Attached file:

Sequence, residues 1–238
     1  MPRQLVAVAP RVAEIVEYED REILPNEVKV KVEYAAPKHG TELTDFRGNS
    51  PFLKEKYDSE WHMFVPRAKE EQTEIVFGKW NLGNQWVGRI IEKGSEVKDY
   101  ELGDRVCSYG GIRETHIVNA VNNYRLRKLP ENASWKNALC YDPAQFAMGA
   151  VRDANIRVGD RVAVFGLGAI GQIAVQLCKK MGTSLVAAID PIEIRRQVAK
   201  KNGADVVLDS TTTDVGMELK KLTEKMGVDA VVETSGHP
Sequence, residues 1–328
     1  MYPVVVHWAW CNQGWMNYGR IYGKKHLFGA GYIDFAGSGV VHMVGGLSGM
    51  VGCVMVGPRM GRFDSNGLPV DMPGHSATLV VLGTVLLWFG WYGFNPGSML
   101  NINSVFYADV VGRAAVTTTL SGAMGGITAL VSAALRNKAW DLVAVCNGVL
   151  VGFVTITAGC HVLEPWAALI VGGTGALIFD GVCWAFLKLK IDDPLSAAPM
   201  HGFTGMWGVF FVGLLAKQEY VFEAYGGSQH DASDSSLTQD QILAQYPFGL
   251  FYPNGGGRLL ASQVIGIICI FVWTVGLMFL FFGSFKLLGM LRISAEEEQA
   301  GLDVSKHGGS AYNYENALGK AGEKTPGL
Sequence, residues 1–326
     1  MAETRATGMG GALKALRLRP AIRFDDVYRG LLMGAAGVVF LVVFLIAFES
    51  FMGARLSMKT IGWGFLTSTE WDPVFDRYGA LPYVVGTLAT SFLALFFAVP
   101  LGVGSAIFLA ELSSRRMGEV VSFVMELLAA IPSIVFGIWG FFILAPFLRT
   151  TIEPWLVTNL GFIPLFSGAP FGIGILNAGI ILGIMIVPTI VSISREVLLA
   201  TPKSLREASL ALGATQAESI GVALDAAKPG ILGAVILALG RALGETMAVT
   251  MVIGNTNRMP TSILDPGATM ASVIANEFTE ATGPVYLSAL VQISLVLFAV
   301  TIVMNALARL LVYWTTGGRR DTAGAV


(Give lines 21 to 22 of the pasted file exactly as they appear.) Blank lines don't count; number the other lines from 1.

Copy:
   251  MVIGNTNRMP TSILDPGATM ASVIANEFTE ATGPVYLSAL VQISLVLFAV
   301  TIVMNALARL LVYWTTGGRR DTAGAV